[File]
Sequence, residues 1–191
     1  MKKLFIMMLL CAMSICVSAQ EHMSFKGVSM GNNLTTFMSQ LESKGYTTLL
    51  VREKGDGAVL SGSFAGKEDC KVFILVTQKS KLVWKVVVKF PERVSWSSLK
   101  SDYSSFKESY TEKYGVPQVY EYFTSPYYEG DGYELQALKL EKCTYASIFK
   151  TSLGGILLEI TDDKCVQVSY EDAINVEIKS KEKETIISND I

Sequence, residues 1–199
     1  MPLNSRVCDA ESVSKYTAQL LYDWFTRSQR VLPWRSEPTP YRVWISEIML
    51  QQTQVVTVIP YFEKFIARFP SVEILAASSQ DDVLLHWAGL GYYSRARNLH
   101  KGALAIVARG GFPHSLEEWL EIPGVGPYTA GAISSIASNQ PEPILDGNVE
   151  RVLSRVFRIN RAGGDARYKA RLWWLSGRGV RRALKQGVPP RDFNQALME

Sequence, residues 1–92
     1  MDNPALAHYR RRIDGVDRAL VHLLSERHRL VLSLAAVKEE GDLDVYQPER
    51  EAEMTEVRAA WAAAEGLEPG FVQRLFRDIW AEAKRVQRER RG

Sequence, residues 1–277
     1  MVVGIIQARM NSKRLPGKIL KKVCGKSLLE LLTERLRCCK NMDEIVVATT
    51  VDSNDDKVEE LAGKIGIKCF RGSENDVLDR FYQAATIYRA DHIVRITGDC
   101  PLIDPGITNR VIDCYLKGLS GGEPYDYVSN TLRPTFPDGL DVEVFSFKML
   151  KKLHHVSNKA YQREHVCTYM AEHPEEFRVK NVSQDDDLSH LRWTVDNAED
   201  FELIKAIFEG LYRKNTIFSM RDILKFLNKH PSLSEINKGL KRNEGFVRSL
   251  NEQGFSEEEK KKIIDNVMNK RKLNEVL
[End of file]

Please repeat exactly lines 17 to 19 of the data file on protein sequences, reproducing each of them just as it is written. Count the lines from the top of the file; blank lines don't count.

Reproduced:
   101  PLIDPGITNR VIDCYLKGLS GGEPYDYVSN TLRPTFPDGL DVEVFSFKML
   151  KKLHHVSNKA YQREHVCTYM AEHPEEFRVK NVSQDDDLSH LRWTVDNAED
   201  FELIKAIFEG LYRKNTIFSM RDILKFLNKH PSLSEINKGL KRNEGFVRSL